NHL General

I’m Sorry- You’re Sorry- Bettman Should Be Sorry

I’m sorry, you’re sorry, everyone’s sorry. It’s the same problem that has plagued this sport pretty much since the NHA days. Yes, it’s back to the old headhunting issue. This time, everyone is sorry. Randy Jones is sorry for his hit that gave Patrice Bergeron a broken nose and a concussion. Steve Downie is sorry for almost ending Dean MacAmmond’s career in the preseason. Todd Bertuzzi is still sorry for ending Steve Moore’s career a few years back, and of course, Marty McSorley is sorry for nearly decapitating Donald Brashier in 2000. Yeah, everyone’s sorry, but they still do it. I’m sure the next mega hit is just days away, with some other scrub attacking some star. Well, maybe in Beregeron’s case, not a star, but a player nonetheless. This has to be one of the greatest embarrassments in Gary Bettman’s embarrassing tenure as commissioner of the National Hockey League. After all the things he’s done to end the sport, two lockouts, an embarrassing national television deal, and expansion that has all but killed the product, this has to be the worst.

Not only are you dealing with the potential of star players going out of the game because of this, but you have people’s lives at stake. Yet, Bettman seems to care less. He cares more about making a dollar then he does about the sheer health of his players, sounds similar to another entity of “sports-entertainment” mired in controversy doesn’t it?

Yet, every year, diehard hockey fans, like me keep demanding the same thing, change. We don’t want the product to change, we don’t want the hits to change, but we just want the dirty tactics to change. We don’t want to see any player risk his life because of a cheap shot. Sure, they accept the risks when they play along the boards with their heads down, however, it should never be life-threatening.

So, what can be done to change the days of head hunters, and cheap hits? These are just a few solutions.

Repeal the Instigator Rule

Sure, hockey purists would love for this rule to stay. It does what they want it to, slow down the fighting. Yet, at what price? If I could, I would get on the ice and cheap shot someone, knowing that the other team can’t retaliate because they may get thrown out of the game. Sure, in October or November, this means nothing, but in March or April, it could mean the difference between sitting at home, and being in the playoffs. So, let’s ditch the rule. Would you think twice about cheapshotting someone if you knew that four of five guys were going to beat you down for that action? I know I would.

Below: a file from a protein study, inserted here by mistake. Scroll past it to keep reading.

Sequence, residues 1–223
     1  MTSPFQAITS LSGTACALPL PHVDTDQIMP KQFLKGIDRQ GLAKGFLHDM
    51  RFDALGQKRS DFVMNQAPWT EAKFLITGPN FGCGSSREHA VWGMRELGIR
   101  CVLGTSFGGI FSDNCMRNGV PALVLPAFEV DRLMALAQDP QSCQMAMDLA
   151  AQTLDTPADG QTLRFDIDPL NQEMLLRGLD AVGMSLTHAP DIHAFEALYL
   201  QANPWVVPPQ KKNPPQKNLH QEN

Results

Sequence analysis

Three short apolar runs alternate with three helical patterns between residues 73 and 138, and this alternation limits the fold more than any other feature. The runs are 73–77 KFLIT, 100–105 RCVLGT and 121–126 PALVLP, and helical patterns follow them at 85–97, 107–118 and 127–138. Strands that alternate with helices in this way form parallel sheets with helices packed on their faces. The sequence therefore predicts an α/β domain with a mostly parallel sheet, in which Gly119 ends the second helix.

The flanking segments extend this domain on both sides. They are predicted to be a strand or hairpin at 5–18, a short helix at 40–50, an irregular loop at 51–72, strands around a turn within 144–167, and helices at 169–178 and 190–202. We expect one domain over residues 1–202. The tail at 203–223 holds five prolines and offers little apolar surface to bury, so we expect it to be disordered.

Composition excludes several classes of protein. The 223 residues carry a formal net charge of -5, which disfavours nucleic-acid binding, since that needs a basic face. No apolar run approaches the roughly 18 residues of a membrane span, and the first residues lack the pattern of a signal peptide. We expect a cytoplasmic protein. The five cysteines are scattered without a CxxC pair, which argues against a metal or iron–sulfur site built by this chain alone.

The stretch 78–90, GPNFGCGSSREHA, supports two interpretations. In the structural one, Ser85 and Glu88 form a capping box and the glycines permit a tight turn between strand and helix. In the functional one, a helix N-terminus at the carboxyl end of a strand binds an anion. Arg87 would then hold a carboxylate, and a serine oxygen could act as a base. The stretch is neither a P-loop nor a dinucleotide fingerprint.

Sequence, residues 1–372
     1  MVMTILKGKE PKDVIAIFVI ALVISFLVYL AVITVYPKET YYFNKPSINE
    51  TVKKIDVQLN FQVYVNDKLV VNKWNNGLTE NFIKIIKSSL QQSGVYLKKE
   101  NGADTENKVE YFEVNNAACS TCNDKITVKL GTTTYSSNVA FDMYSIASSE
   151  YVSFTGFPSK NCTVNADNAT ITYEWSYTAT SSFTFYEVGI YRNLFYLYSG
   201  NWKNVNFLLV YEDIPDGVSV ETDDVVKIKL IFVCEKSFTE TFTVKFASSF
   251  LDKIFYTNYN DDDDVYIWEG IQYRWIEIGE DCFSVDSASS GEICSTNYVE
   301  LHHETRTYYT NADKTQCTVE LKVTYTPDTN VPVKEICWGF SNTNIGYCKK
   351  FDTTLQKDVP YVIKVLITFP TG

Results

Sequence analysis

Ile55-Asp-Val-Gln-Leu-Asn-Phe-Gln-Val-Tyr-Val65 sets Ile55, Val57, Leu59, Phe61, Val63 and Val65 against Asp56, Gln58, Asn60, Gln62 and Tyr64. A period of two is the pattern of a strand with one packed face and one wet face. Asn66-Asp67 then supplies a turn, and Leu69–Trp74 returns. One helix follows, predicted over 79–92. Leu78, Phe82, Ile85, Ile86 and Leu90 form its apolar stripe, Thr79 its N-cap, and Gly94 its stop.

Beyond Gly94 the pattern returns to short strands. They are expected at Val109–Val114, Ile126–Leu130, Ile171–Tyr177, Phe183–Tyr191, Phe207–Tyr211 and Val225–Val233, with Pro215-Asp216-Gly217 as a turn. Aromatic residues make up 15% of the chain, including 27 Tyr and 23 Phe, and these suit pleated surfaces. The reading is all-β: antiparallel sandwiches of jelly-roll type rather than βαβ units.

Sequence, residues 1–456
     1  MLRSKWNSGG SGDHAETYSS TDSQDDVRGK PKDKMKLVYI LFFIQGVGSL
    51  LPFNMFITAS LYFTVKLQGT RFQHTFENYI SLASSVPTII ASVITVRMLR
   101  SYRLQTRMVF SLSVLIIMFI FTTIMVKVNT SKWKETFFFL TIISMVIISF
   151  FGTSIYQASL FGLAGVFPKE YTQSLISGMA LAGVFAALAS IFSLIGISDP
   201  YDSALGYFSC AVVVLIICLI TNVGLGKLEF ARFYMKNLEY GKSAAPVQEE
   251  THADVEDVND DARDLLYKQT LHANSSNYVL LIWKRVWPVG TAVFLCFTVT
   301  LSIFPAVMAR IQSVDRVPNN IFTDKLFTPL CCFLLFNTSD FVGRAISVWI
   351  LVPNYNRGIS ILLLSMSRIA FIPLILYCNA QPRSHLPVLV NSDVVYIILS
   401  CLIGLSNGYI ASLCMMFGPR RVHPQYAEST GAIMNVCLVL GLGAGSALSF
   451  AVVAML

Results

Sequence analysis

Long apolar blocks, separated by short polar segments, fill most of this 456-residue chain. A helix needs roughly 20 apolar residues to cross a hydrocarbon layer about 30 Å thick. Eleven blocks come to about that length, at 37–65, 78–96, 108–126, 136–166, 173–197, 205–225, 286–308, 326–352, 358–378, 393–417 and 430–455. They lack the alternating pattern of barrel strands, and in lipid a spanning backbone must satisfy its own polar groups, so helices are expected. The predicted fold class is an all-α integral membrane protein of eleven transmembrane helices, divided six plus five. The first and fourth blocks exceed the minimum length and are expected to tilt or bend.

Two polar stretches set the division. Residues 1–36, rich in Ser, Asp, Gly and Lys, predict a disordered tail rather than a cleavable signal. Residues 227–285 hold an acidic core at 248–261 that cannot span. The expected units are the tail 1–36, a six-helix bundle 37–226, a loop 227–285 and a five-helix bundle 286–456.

Automatic Game Misconduct for Cheap Shots

This is a good thing, if only it was a first step to something bigger. Sure, you would probably see the cheap shots go down in March and April, but not so much before December. It’s a great theory, but only as a first step to total reform.

Longer Suspensions

This would have to be step two. However, this is where things could get murky. One proposal I have heard is to suspend the offender as long as the injured player is out. If they play each other in two months, and a player is supposed to come back a week before they play, what is to stop the doctor from not clearing him for another week? I’m not saying team doctors are shady, but suddenly, you would have coaches and owners telling doctors how long to keep a player out. That’s a line that should never be crossed.

It’s obvious to everyone, but Gary Bettman that is, that something, anything has to be done, before we have a player die on the ice. If Steve Moore, Donald Brashier, Peter Bergeron, and Dean MacAmmond isn’t evidence enough that something has to be done, then maybe it’s further proof that the real change doesn’t need to happen at the PA, but at the top of the NHL’s board of governors.

By matt Jordan

Matt is an in-studio producer for three radio stations in a six station cluster. He has produced and co-hosted three sports talk shows, with one of them becoming number one in the market. He also is a play by play announcer for the Florence Redwolves, who play in the Coastal Plain League, the nation's hottest College Summer League. He is in his fourth season. He also was the PA Announcer for the Florence Phantoms indoor football team.

In his spare time Matt enjoys reading, writing, playing RTS video games, debating on religion, and good music. He is currently writing a play, which is expected to be completed by the end of 2009. Matt also writes for Medusa's Kiss magazine.

Leave a Reply

Your email address will not be published. Required fields are marked *